As we flew over the Atlantic Ocean. At JFK airport, all the people seen cheerful and polite, queue up patiently; wait to be checked in with smiles galore and coochie-coo wailing babies of other passengers. The concept of queuing up out side washrooms, letting your neighbor get a choice of the last choice of chicken or mutton meal, saying ‘excuse me’ and politely taking out baggage from the overhead compartment all become distant past. When the cabin crew frantically requests the passengers to stay seated till the air craft come to a complete stop instantly a push, shove and get-ahead of each other starts and everyone wants to be the first one to get out of the plain. We simply lose our civil attitude in the blink of an eye. WHY IS IT SO? It heartening when people from your own land will give you a warm smile, say ‘have a nice day’ and offer you a seat on the subway in NYC. But the same person in Pakistan will not care whether you fell off the door of a public bus. A smoker in the car throwing the cigarette butt or cigarette box wrapper outside the car window. The same person in Singapore obediently smoked only where it was allowed. A colleague at work was addicted to paan chewing and would decorate the office stair with legendary spurts of red gook and no hints or direct requests made any difference to him. The same man confessed after he returned from a trip of London that while he was there, he avoided chewing paan in public place. Similar things happen on the home front, hubby dearest who take the trash out to the bins, rakes leaves during fall and does the dinner dishes regularly will refuse to get up and have a glass of water himself, even if the wife has a full time job and no help at home. Speeding on the road, talking on the cell and texting while driving are also things we do back home. Once abroad, our civic sense and obeying the law instantly comes to life. It may be the fear of the consequence of breaking the law or perhaps the courtesy and the general culture of being polite rubs off on us. We may be conscious about the fact that we are Asian from a Muslim country and have to go the extra mile to prove that we are civilized people. But in reality, this is how our sad mentality works. In Pakistan we belong to this land, and no one can stop us from doing anything.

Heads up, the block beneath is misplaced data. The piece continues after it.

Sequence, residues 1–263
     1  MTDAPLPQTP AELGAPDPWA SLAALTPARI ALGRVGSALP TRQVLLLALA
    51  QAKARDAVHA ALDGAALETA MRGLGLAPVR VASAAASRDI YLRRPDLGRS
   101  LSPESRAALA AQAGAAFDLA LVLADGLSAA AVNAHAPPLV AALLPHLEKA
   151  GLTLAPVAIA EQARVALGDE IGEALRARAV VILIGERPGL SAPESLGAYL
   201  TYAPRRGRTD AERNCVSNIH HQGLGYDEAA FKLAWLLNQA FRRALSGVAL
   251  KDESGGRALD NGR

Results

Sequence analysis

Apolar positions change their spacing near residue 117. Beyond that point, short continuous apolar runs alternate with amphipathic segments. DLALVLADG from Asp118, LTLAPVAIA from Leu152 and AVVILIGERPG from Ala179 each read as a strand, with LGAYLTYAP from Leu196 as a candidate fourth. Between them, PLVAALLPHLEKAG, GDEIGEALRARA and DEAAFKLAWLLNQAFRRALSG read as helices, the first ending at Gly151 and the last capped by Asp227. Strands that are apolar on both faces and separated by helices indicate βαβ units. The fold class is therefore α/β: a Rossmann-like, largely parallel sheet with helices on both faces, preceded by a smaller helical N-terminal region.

On a heavier note, it would be wonderful if we brought back social ethics, polite attitude and a civil sense as a gift to our homeland; to make us a more civilized nation then we pretend to be by traveling abroad and carrying branded luggage.
By Shamim bokhari (204/10)